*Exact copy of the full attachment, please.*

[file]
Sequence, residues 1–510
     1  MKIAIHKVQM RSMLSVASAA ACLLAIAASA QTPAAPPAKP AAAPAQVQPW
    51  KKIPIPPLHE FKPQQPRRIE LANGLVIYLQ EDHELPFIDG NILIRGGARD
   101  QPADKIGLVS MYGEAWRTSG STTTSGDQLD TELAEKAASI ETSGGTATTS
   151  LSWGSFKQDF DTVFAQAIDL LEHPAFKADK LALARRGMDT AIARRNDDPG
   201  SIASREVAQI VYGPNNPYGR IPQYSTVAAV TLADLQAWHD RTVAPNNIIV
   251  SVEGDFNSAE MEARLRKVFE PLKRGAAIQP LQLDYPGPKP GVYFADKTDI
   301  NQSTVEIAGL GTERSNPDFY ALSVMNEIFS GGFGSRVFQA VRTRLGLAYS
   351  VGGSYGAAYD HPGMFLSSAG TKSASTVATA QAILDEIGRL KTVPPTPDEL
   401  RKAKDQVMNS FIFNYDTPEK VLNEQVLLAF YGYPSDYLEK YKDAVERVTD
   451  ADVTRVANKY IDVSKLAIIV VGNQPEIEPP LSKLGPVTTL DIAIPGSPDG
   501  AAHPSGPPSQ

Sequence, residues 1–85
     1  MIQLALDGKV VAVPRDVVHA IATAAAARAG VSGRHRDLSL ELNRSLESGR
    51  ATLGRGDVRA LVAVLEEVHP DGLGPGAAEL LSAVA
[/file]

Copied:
Sequence, residues 1–510
     1  MKIAIHKVQM RSMLSVASAA ACLLAIAASA QTPAAPPAKP AAAPAQVQPW
    51  KKIPIPPLHE FKPQQPRRIE LANGLVIYLQ EDHELPFIDG NILIRGGARD
   101  QPADKIGLVS MYGEAWRTSG STTTSGDQLD TELAEKAASI ETSGGTATTS
   151  LSWGSFKQDF DTVFAQAIDL LEHPAFKADK LALARRGMDT AIARRNDDPG
   201  SIASREVAQI VYGPNNPYGR IPQYSTVAAV TLADLQAWHD RTVAPNNIIV
   251  SVEGDFNSAE MEARLRKVFE PLKRGAAIQP LQLDYPGPKP GVYFADKTDI
   301  NQSTVEIAGL GTERSNPDFY ALSVMNEIFS GGFGSRVFQA VRTRLGLAYS
   351  VGGSYGAAYD HPGMFLSSAG TKSASTVATA QAILDEIGRL KTVPPTPDEL
   401  RKAKDQVMNS FIFNYDTPEK VLNEQVLLAF YGYPSDYLEK YKDAVERVTD
   451  ADVTRVANKY IDVSKLAIIV VGNQPEIEPP LSKLGPVTTL DIAIPGSPDG
   501  AAHPSGPPSQ

Sequence, residues 1–85
     1  MIQLALDGKV VAVPRDVVHA IATAAAARAG VSGRHRDLSL ELNRSLESGR
    51  ATLGRGDVRA LVAVLEEVHP DGLGPGAAEL LSAVA